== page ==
My couch had a rich history. I started labor pains on it, nursed feverish, up-chucking children on it, held my husband, comforted him, after his father’s death. It was an antiquated, two-piece sectional, a relic of the early sixties, hinting of Italian Renaissance, originally covered in red velvet. My corner curved at one end, giving me a little privacy from the three or four lanky pre-teen bodies, usually languishing on the longer end. After years of abuse, we’d had it humanely recovered in a more sophisticated cut velvet with beige and blue flowers. It was a grand old dame and I wasn’t parting with it.
“Keep the couch if you want, but we are going away together. It’s all arranged. My sister will watch the kids.”
“Where are we going?” I asked, from the corner of couch, coffee number three trembling in my hand.
“A business associate of mine has invited us up to Manhattan for a small dinner party. We have to go.”
“You have to go. I don’t. Besides, I have nothing to wear.”
“Find something. I have to go to work for a few hours, so plan on leaving around two o’clock.”
“Two o’clock today?” I asked incredulously.
“Today,” he said and went out the front door humming “I’ll Take Manhattan” under his breath.
Spoken like a true second generation chauvinist, I thought. Say ‘frog’, expect me to jump. I wondered how long he had planned this, dropping it on me at the last moment so I couldn’t make excuses. I rummaged through my closet for something not too out-dated to wear and was sitting on the couch when he came to pick me up. He sighed, shook his head and hustled me out the door, leaving our two youngest children, who had never spent a whole day without me, in tears.
The first two hours of the trip were pleasant enough, rolling country roads, sensuous mountain scenery. I began to relax, which was, of course, my first mistake.
The New Jersey Turnpike. Why would a loving God create the New Jersey Turnpike? An ominous fog rolled in, bringing a misty rainfall. Bright red warning signs flashed above the highway. Trucks the size of dinosaurs raced oversized buses, dueling for the center lane. I tensed…a little.
It was good practice for the Holland Tunnel. I don’t like tunnels. If underground, which I prefer not to be, I like, at the very least, to see daylight at both ends. The Volkswagen in front of us broke down and seven foreign speaking people jumped out, gesturing frantically. During the twenty minute delay, the tunnel filled with exhaust fumes, coloring the air a sickly blue-gray, too noxious to breath without a handkerchief across your face. I think I hyperventilated.
The traffic jam dissipated at about the same time that I considered jumping out of the car and running for the exit. I tried to relax, but the F.D.R. Drive was a poor sedative. After passing three accidents and one drug bust at the mouth of the Battery Tunnel, my husband admitted to being a little lost. In New York City, you could be a little lost for years. Much like being a little pregnant or a touch phobic. We stopped for directions at a Chinese restaurant in a seedy neighborhood of tenement houses with more broken windows. The endless graffiti was actually an improvement. Twenty minutes later we were uptown, nearly at our destination. It took another twenty minutes or more to find a parking space and walk back to the brownstone housing our hosts. My husband strode up the half dozen steps to the door with me trailing behind, out of breath and shaky. My toes, unused to high heels, throbbed furiously. I was desperate for my home, my couch, and some degree of safety.
“You’ll love these people,” my husband said, ringing the bell.
I doubt that, I thought, as the door buzzed our admittance. I truly doubt that.
The party consisted of two married yuppie-types, four stockbrokers with their girlfriends and one gay man; not the average people one might expect to find at a quilting bee. Well, maybe the gay guy. Alcohol flowed freely, as well as glib tongues proclaiming their achievements. No one in the course of the long evening asked about me or my seemingly humble accomplishments. And of course, I was dressed all wrong. A host of strange hors d’oeuvres were passed by me, nothing I felt secure in tasting. Dinner was an assortment of sushi, washed down with a Bordeaux, a good year I was told. I hoped the alcohol would kill any of the raw fish not yet deceased. I hoped I could keep it down. The party ended at nine o’clock, at least for us. We had a four hour trip home. I was out the door and back to the car in record time, my energy and speed amazing even myself.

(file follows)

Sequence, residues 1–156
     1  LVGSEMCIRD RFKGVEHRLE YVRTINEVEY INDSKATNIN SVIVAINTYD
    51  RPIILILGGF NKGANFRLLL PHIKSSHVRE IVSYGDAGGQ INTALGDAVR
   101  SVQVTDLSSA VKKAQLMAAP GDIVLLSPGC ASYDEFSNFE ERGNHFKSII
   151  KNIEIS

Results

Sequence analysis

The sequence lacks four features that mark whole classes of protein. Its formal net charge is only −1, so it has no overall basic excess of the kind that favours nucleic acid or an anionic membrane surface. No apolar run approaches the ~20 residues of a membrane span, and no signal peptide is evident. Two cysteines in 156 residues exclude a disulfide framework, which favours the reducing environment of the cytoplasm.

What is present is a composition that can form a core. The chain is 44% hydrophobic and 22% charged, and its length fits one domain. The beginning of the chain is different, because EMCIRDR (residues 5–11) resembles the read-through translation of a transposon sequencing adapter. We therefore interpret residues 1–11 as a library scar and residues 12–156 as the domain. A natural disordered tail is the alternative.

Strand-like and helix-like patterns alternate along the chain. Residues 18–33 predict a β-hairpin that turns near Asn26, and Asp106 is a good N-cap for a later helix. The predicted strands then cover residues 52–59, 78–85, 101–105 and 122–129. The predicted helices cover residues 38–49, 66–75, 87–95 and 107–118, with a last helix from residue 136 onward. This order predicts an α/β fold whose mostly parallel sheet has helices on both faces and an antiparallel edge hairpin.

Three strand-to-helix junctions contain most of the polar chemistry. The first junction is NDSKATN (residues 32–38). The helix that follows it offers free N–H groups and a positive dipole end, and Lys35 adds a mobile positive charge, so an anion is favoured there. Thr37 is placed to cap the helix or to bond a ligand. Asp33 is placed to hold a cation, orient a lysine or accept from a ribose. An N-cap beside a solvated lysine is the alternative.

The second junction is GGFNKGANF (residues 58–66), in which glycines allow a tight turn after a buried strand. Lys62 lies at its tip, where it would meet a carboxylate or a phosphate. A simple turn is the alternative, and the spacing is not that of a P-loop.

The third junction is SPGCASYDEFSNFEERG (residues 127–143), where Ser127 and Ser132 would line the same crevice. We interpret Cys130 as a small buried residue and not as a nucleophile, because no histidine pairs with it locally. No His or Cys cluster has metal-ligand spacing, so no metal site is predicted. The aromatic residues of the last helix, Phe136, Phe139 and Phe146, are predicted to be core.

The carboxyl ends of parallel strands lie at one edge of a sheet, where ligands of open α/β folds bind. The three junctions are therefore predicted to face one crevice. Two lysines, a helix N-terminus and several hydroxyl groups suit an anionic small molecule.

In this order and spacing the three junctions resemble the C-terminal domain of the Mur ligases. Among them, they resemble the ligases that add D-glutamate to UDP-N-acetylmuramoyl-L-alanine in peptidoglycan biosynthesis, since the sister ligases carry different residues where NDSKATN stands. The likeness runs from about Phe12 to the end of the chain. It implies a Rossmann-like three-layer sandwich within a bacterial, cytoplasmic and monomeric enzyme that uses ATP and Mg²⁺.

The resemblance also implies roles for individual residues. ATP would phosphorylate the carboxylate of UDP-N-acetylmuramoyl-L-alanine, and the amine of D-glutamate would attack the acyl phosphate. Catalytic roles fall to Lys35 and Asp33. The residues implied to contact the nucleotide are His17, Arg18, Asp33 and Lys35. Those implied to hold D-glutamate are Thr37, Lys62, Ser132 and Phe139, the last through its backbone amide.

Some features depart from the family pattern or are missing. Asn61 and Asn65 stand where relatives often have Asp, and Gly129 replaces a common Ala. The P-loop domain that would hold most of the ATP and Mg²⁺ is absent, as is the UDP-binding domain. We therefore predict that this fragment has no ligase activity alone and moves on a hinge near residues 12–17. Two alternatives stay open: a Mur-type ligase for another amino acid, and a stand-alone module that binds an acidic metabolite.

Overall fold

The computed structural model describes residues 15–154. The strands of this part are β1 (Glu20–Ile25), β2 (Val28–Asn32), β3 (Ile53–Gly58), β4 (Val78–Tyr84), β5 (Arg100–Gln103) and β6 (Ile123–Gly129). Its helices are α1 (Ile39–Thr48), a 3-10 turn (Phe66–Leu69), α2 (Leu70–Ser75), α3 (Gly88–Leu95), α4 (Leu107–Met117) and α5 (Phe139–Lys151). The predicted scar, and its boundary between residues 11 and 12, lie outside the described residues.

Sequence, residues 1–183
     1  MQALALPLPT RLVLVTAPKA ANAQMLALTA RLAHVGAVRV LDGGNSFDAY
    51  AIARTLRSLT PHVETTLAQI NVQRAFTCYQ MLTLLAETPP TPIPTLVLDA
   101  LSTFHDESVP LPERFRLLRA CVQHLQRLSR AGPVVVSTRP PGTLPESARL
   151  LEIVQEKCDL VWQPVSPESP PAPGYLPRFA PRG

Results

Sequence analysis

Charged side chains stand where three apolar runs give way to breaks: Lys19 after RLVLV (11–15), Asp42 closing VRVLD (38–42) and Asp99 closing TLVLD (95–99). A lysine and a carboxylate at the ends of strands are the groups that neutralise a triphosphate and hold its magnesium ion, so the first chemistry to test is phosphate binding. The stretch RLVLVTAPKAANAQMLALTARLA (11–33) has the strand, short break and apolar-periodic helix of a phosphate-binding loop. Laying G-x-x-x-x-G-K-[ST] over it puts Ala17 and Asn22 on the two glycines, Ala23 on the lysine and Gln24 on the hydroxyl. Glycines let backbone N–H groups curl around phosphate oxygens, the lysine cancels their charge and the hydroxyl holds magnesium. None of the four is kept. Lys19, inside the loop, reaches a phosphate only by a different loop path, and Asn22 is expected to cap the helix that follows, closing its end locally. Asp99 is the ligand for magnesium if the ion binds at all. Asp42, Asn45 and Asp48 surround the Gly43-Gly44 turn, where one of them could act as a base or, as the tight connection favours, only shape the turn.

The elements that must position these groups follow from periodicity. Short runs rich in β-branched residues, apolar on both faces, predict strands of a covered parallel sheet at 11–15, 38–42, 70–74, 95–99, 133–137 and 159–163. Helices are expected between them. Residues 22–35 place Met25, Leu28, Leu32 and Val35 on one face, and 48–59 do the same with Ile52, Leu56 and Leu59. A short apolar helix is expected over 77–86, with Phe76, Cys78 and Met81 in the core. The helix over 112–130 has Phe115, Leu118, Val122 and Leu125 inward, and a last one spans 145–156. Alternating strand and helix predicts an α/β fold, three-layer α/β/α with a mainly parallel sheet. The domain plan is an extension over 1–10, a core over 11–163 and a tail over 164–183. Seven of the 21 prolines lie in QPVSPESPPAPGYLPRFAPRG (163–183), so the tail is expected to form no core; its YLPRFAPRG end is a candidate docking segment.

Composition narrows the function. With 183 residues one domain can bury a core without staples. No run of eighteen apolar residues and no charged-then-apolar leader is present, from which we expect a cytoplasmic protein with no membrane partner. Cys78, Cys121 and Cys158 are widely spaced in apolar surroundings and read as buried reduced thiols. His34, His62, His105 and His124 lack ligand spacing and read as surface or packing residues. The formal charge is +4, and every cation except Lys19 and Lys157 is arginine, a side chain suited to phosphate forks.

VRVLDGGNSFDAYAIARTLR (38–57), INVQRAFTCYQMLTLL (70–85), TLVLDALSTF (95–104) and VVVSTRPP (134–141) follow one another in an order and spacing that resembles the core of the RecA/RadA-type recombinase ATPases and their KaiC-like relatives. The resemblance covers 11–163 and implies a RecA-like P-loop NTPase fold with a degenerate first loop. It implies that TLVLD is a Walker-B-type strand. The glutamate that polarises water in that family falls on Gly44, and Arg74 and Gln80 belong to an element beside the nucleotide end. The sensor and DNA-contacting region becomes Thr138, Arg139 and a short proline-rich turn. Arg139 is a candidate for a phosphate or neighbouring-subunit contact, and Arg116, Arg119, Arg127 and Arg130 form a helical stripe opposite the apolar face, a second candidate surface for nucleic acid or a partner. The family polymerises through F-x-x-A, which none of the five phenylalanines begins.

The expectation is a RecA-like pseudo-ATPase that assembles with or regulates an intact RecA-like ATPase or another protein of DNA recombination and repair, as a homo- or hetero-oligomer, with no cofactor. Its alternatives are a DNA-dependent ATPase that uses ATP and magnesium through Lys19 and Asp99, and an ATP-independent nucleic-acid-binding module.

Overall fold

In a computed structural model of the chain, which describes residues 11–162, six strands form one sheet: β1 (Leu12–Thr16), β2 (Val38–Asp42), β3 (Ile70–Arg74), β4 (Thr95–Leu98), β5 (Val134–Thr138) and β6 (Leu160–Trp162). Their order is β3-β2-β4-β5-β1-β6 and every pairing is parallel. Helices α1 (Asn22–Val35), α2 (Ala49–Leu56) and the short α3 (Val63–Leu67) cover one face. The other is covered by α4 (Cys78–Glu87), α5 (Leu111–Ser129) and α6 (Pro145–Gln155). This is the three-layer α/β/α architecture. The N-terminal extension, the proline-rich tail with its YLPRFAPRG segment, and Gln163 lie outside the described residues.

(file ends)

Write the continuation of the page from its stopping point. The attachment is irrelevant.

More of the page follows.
The ride home seemed less eventful; we passed only two accidents and idled in one traffic jam, this time not in the tunnel, but on the George Washington bridge, a short cut home, my husband said. I felt much the same about bridges as I do about tunnels. I fell into a dazed semi-sleep when we hit the Delaware Water Gap, predicting the placidity of the final two hour drive.
“Wake me when its over,” I mumbled to my husband.
“I hope you realize what happened today,” he said. “What we did, I believe, is called ‘flooding’. You take your fears full on and face them down. You’re a little upset right now, but you’ll appreciate this.”
“It wasn’t ‘flooding’,” I said. “It was drowning.”
He reached across the seat and put his arm around my shoulder. I wished he hadn’t done that. It brought on the tears. Flooding! I muttered to myself. I’ll give him flooding. Merciful sleep took over. Around midnight we pulled into our driveway, under the fifty-foot pine trees accused of dripping sap on my husband’s Audi. I sensed I was home and woke with a start.
My sister-in-law met us at the front door with her coat on, car keys in hand, mumbling something about ‘spoiled brats’. She looked ten years older than she had earlier. My home, my wonderful home, was Mecca to a tired pilgrim. I staggered into the living room, kicked off my heels and threw myself into the sumptuous warmth of the corner of the couch. It had never felt so good.
In the weeks that followed my enlightening trip to the Big Apple, much as I choked on it, a strange thing occurred; no more panic attacks, no fear of public places. It goes to show that New York City makes all other fears inconsequential. I hate it when my husband’s right.